CD REVIEW: Polly Gibbons – Many Faces of Love



Polly Gibbons – Many Faces of Love
(Resonance Records RCD 1022. CD review by Peter Jones)


There’s a long and honourable tradition of British female singers, from Lulu and Dusty to Beverly Knight, Ruby Turner and Joss Stone, who sound as if they spent their early lives testifyin’ in some Memphis Baptist church. Polly Gibbons is the latest in this line, and there are few clues in these recordings to her roots among Suffolk farming folk. The voice is rough-edged, full of soul, powered by a pair of mighty lungs apparently cast from rusty iron. Only the long ‘a’ sound in words like ‘chance’ and ‘answer’ betray an upbringing in southern England.

Generically, the tunes occupy a sort of no-man’s land between soul, R&B and jazz. Running throughout the album – remarkably, her debut collection - is the signature interplay between Polly’s voice and Christian Howes’s violin. Howes is a remarkably simpatico player, filling the spaces between vocal lines with great empathy. His command of different styles matches that of Gibbons herself. Al Jarreau’s regretful Not Like This, for example, required Howes to overdub several string parts, and it’s to the credit of arranger and pianist Tamir Hendelman that the resulting harmonies are so sweet and rich. Polly is equally at home belting out R&B tunes like the opener, Please Send Me Someone To Love, on which Howes demonstrates that he can also rock out. City Lights is a bluesy shuffle by Dr John, which morphs into swing, giving Howes yet another chance to show his class, followed by a classy jazz-blues solo from guitarist Anthony Wilson.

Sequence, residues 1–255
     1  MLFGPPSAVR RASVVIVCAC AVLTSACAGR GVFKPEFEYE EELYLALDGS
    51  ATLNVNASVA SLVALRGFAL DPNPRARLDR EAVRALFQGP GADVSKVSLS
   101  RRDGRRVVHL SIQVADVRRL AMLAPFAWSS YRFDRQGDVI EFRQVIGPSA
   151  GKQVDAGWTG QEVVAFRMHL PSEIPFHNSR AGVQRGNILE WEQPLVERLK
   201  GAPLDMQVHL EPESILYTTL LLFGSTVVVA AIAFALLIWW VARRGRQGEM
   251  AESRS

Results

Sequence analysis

After a few tracks, it becomes clear that Polly Gibbons can sing pretty much anything. On another Jarreau number, So Good, she gives Aretha Franklin a run for her money, adding an effortless scat solo for good measure; on the terrific dark ballad After Hours, she moves into Sarah Vaughan territory. Then it’s back to the soulful blues with Buddy Johnson’s Since I Fell for You.

To call this album slick and professional hardly seems like a criticism. It’s just that there’s such a gloss to the recordings that you wonder where Polly Gibbons goes from here – so good has she become, and only just into her thirties. The answer is perhaps that she can gradually throw off her influences and begin to sound like herself. It would be fascinating to hear her performing original material written specifically for her.

The CD is accompanied by a DVD featuring some behind-the-scenes footage filmed in the studio, plus live takes of five of the album tracks, along with versions of Almost Like Being in Love, Muddy Water and Miss Celie’s Blues. There is no information about where these were recorded, but they were perhaps taken from different nights, since they feature both veteran American pianist Roger Kellaway (who wrote the track I Have the Feeling I’ve Been Here Before) and Ronnie Scott’s in-house keyboard maestro James Pearson.

Polly Gibbons' next scheduled appearance is in a tribute to Ray Charles on April 23rd at St James Studio

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